If you are married or in a civil partnership, it may affect your tax bands and tax reliefs. Read more about taxation of married people and civil partners.

Finding work

If you are an Irish citizen returning home, you can work without a visa or employment permit. If you are bringing family members to live in Ireland who are from outside the EEA, Switzerland or the UK, they may have to apply for a visa or preclearance to enter Ireland.

If your family members are from outside the European Economic Area (EEA), Switzerland, or the United Kingdom, you should check if you need a visa to come to Ireland. They will have to apply for an employment permit to work in Ireland. Non-EEA citizens who already live in Ireland and have certain types of immigration permission can work without an employment permit. You also might not need an employment permit if you are joining your family in Ireland.

Where to look for work

You should regularly check these sources for new job opportunities:

Your Intreo Centre or Social Welfare branch office

Visit or call your local Intreo centre for information and advice on job vacancies. You can read more about employment services for jobseekers.

Websites

The Jobs Ireland website lists jobs available in Ireland and abroad. It also lists internships and employment programme vacancies. You can upload your CV so employers can access it and contact you directly.

Social media

Some social media sites post job vacancies and connect jobseekers with employers. Some employers share job opportunities on their company's social media accounts.

Recruitment agencies

The National Recruitment Federation (NRF) has a directory of recruitment agencies. You often need to register with these private companies, who may get a fee from the employer if you get the job. Contact specialist recruitment agencies if you are looking for a particular type of work.

Open days and recruitment days

Some employers and industries hold open days to recruit staff. Find out about these events online or in local newspapers.

Company websites

Visit the websites of companies relevant to your area of work. They may only advertise vacancies on their own website.

Healthcare in Ireland

Both private and public healthcare services are available in Ireland.

Public health services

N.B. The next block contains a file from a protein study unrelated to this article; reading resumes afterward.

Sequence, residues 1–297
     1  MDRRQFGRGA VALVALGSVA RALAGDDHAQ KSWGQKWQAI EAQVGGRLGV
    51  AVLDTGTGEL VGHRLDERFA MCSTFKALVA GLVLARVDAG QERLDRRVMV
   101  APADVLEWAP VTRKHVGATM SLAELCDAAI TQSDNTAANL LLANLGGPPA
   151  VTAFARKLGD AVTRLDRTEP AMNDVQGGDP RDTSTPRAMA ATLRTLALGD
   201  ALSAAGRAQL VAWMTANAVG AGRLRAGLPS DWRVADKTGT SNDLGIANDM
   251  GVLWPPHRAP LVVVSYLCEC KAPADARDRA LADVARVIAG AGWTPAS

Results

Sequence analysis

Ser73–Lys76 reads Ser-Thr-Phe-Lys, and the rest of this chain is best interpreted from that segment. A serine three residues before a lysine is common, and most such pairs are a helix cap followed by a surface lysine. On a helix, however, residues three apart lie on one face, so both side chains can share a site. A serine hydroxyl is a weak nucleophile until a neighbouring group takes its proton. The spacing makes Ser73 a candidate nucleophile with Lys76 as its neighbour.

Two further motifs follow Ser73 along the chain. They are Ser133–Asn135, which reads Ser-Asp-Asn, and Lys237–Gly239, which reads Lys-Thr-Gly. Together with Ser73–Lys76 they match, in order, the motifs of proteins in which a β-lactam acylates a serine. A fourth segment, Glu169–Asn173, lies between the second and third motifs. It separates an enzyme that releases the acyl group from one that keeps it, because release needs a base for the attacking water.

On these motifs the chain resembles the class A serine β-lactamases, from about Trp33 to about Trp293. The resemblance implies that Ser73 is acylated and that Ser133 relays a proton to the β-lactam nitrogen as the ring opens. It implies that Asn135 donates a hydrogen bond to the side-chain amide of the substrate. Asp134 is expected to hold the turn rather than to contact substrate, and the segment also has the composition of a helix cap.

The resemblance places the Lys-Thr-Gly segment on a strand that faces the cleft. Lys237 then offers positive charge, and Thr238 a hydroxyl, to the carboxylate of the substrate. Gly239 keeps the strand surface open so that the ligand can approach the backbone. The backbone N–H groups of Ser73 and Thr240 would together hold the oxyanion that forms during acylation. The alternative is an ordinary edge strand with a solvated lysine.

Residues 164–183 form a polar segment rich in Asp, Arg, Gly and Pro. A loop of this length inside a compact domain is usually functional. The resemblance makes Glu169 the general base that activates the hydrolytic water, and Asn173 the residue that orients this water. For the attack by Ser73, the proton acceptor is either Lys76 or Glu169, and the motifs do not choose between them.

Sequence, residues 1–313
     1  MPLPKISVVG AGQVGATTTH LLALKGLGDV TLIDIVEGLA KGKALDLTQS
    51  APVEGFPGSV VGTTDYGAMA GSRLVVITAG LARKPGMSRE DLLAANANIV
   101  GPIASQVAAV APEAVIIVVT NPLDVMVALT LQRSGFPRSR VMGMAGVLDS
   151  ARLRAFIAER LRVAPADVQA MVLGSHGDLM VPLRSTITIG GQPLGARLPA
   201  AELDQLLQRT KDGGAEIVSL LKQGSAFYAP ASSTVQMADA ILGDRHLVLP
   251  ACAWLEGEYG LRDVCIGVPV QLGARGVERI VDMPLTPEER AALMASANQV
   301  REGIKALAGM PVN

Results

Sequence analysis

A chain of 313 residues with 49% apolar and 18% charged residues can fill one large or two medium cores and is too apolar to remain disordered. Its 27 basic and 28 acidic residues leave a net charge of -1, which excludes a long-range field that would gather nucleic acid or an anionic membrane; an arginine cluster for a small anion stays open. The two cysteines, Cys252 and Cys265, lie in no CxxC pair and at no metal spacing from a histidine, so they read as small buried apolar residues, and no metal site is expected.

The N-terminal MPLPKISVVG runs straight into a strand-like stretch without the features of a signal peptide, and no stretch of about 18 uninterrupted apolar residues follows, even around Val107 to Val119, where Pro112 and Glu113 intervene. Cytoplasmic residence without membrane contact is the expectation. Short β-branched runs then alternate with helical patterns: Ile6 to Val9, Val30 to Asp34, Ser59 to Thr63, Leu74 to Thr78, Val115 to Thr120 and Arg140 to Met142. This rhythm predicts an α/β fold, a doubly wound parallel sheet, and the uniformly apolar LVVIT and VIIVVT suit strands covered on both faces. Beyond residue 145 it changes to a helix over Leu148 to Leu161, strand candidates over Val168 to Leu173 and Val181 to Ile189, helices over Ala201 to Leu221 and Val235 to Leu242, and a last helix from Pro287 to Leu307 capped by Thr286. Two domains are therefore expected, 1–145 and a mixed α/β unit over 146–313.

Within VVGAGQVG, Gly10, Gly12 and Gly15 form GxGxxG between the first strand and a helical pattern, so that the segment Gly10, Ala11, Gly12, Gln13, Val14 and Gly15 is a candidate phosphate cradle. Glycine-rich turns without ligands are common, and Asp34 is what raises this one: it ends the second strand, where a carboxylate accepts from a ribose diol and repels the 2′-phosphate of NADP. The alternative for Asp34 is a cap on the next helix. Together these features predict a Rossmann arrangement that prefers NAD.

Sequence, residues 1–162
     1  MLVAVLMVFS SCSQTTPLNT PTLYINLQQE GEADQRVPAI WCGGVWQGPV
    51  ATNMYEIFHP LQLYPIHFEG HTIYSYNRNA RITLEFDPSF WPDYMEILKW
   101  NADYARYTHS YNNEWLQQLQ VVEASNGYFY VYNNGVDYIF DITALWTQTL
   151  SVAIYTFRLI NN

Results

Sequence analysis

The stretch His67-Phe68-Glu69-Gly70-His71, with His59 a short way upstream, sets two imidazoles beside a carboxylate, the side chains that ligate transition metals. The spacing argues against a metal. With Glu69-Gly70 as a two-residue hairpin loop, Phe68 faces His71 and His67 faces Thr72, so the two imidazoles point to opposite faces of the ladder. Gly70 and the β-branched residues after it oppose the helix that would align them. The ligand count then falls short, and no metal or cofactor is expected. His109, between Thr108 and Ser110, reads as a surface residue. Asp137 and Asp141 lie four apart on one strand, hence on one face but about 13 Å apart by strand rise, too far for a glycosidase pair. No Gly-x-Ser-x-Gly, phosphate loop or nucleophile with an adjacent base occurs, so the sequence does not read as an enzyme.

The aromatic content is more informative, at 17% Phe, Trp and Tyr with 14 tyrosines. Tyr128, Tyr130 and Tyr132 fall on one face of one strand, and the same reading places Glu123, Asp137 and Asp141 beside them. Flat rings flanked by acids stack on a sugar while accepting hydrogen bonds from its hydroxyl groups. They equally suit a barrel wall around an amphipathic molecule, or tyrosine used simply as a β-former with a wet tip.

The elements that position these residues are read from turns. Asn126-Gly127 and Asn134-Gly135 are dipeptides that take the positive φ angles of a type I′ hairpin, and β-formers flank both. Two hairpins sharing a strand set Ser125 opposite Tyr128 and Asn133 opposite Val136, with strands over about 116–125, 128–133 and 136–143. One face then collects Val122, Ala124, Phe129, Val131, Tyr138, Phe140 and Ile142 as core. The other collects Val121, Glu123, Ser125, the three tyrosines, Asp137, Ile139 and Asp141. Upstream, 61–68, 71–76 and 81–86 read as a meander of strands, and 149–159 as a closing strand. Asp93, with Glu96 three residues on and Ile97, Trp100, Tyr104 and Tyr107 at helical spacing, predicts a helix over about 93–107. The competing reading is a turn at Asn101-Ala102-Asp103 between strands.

The State provides public health services. Many public health services are free of charge, but in some cases, there may be a fee.

The Health Service Executive (HSE) is responsible for delivering public health services. Sometimes the HSE provides these services directly and sometimes the HSE funds other organisations to provide these services.

You are covered by public health services if you have been living in Ireland for at least one year or if you intend to live here for at least one year. This is called being ordinarily resident in Ireland.

Private health services

Either individual health professionals or healthcare companies provide private healthcare services. Typically, you pay the full cost of private healthcare services, but you can buy private health insurance to help cover the cost.

Arrangements vary from one company to another, but most private healthcare companies have agreements with hospitals to pay the hospital directly. In general, for outpatient costs you pay the health professional and then claim back from the health insurance company. You should check with your own company as to their procedures.

The following companies offer voluntary private health insurance in Ireland:

General Practitioners (GPs)

General Practitioners (GPs) are family doctors.

In Ireland, GPs provide broad services to patients on all health issues and can refer you to see specialists or hospital consultants if needed. Most GPs in Ireland are private practitioners, but the majority provide services on behalf of the HSE.

You can find a GP in your local area using the HSE’s Service Finder Map.

You do not need a PPS number or other documents to visit a GP.

Social welfare in Ireland

Irish social security benefits

In Ireland, social security benefits are known as ‘social welfare payments’. These social welfare payments provide financial support to people who are disabled, retired, sick, unemployed, or raising children on their own.

There are 3 main types of social welfare payments:

  • Social insurance payments
  • Social assistance payments (also known as means-tested payments)
  • Universal payments

You will need to meet certain requirements to qualify for these social welfare payments. You can read more examples and details about each type.

What are the rules covering payments?

The rules for social welfare payments are set out in the legislation and operational guidelines. You can find most of the operational guidelines for specific social welfare payments on gov.ie.

Can I appeal a decision?

Yes, you can appeal a decision within 21 days of the decision letter.

Housing in Ireland

Buying a home

The process of buying a home in Ireland involves several steps. Before you decide to buy, make sure you’ve done the following:

Find out what you can afford

Make a budget, and include insurance, legal fees, monthly mortgage payments, and stamp duty.

The Competition and Consumer Protection Commission (CCPC) has a budget planner that you can use to see how much you can afford each month.

Generally, you can borrow 4 times your income if you are a first-time buyer. The limit is 3.5 times your gross annual income if you are not a first-time buyer.

Read more in our step-by-step guide to buying a home.

Get a solicitor (lawyer)

You will need to hire a solicitor to do conveyancing. This is the legal worked involved in buying a house.